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10 Assessments You Can Perform In 90 Seconds

10 Assessments You Can Perform In 90 Seconds
10 Assessments You Can Perform In 90 Seconds by TeachThought Staff Good assessment is frequent assessment. Any assessment is designed to provide a snapshot of student understand—the more snapshots, the more complete the full picture of knowledge. On its best day, an assessment will be 100% effective, telling you exactly what a student understands. This makes a strong argument for frequent assessment, as it can be too easy to over-react and “remediate” students who may be banging against the limits of the assessment’s design rather than their own understanding. It is a huge burden (for both teachers and students) to design, write, complete, grade, and absorb the data into an instructional design sequence on a consistent basis. Simple Assessments The word “simple” here is misleading. Then, due to their brevity, they’re simple to grade–in fact, you can grade them as exit slips–which makes taking the data and informing instruction (the whole point of assessment) a much simpler process as well.

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Classroom Assessment Techniques (CATs) Print Version What Are CATs? Classroom Assessment Techniques (CATs) are generally simple, non-graded, anonymous, in-class activities designed to give you and your students useful feedback on the teaching-learning process as it is happening. Examples of CATs include the following. The Background Knowledge Probe is a short, simple questionnaire given to students at the start of a course, or before the introduction of a new unit, lesson or topic. It is designed to uncover students’ pre-conceptions.The Minute Paper tests how students are gaining knowledge, or not. Why Should I Use CATs? CATs can be used to improve the teaching and learning that occurs in a class. How Should I Use CATs? Results from CATs can guide teachers in fine-tuning their teaching strategies to better meet student needs. Where Can I Find More CATs? The standard references on CATs is Classroom Assessment Techniques: A Handbook for College Teachers, 2nd edition, by Thomas A.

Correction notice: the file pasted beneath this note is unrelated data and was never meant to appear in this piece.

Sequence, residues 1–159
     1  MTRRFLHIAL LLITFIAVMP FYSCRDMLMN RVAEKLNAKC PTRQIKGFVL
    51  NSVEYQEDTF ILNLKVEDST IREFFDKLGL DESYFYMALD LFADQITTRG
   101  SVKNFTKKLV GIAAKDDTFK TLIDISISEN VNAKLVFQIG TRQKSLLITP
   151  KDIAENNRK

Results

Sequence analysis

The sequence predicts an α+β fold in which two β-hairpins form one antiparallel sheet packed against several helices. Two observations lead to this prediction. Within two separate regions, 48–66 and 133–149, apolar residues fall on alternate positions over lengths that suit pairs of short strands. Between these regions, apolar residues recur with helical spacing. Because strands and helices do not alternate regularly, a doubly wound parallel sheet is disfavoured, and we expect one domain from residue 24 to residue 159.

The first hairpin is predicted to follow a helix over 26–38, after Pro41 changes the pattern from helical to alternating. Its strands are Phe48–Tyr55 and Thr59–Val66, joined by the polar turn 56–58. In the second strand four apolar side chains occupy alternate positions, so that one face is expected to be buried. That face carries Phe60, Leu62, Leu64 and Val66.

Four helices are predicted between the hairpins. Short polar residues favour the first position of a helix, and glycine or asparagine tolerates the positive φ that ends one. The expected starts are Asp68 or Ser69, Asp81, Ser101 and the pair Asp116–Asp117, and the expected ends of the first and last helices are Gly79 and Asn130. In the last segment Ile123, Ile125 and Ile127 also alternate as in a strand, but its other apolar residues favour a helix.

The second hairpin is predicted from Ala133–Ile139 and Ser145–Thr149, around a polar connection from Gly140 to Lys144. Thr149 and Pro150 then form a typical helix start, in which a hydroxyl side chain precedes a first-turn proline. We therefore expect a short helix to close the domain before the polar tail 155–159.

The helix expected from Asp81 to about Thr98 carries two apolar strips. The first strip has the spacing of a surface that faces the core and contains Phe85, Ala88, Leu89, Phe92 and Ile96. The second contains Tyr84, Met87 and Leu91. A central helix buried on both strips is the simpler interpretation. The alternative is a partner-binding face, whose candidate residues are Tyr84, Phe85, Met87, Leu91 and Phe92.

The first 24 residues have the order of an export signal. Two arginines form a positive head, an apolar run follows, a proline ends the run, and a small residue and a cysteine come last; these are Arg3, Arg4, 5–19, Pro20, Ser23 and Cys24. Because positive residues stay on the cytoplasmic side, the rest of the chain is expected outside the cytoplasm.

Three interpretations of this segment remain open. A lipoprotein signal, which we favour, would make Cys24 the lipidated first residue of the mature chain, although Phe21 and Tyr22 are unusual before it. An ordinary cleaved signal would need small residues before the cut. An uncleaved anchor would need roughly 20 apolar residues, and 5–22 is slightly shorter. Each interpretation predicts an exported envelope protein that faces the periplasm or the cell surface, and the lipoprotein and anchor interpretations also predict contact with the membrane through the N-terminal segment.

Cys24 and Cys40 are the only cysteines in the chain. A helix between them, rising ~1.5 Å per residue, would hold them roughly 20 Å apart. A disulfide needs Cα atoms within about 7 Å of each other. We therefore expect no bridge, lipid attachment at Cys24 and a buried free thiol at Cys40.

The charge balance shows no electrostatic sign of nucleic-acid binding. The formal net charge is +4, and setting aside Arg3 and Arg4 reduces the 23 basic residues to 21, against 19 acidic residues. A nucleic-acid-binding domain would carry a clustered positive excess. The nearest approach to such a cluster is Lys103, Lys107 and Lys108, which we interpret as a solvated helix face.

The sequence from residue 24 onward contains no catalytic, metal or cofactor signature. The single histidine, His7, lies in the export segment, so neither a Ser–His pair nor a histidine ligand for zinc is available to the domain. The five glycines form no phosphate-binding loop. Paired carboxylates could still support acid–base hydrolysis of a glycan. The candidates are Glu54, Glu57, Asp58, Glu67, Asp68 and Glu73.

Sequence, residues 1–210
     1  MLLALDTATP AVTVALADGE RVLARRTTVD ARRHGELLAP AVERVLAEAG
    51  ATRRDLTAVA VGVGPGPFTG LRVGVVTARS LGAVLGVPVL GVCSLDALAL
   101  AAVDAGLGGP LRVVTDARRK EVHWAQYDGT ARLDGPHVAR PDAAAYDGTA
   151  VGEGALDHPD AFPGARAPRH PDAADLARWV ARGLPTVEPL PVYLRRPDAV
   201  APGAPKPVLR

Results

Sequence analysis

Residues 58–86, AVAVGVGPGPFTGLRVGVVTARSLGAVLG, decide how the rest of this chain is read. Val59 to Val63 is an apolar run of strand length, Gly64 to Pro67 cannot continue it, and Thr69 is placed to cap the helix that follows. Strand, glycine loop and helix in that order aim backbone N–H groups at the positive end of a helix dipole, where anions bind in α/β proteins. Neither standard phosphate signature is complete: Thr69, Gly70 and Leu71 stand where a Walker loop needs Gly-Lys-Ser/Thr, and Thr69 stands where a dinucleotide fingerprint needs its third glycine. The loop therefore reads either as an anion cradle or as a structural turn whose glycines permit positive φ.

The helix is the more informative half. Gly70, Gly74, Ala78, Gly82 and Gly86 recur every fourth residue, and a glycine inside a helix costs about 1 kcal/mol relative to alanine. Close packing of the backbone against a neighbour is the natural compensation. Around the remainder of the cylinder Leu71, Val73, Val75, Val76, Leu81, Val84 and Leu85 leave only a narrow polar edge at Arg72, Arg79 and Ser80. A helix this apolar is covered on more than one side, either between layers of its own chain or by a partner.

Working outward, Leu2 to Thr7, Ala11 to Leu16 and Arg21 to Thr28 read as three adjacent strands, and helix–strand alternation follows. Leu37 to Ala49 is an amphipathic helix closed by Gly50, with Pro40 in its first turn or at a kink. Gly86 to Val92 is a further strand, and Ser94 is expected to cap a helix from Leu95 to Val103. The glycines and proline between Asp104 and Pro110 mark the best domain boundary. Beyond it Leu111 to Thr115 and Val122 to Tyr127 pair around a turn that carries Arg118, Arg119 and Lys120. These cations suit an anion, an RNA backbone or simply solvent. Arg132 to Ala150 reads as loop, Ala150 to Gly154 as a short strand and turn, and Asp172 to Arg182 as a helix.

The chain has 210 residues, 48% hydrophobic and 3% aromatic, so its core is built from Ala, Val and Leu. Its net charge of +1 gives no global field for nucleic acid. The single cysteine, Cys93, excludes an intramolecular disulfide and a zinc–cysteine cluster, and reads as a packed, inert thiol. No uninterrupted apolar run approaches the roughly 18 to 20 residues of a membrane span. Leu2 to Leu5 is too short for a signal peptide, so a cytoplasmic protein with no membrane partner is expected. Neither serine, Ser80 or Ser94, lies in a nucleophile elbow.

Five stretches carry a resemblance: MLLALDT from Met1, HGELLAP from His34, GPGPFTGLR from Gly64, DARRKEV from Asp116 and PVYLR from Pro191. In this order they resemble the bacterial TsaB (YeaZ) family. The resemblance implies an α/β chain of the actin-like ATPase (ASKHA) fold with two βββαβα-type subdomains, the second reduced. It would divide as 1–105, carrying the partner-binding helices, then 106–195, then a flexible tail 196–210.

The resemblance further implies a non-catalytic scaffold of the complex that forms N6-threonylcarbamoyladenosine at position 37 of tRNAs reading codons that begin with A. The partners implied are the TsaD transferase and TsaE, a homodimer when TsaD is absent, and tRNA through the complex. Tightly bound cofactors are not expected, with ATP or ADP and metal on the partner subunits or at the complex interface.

Digital Differentiation This is part of a Digital Differentiation model, my way i of weaving a web of flexible tools together for teaching and learning. To keep the model relevant, frequent updates are required, as new tools and trends emerge. To access the most current resources, please click on the tab at the top of this blog: Digital Differentiation - Current Updating Ten months ago I published a Digital Differentiation model on this blog. Technology is a tool that can be used to help teachers facilitate learning experiences that address the diverse learning needs of all students and help them develop 21st Century Skills, an idea supported by the Common Core. At it's most basic level, digital tools can be used to help students find, understand and use information. The goal is to design student-driven learning experiences that are fueled by standards-based Essential Questions and facilitated by digital tools to provide students with flexible learning paths. 3 Components: Essential Questions Flexible Learning Paths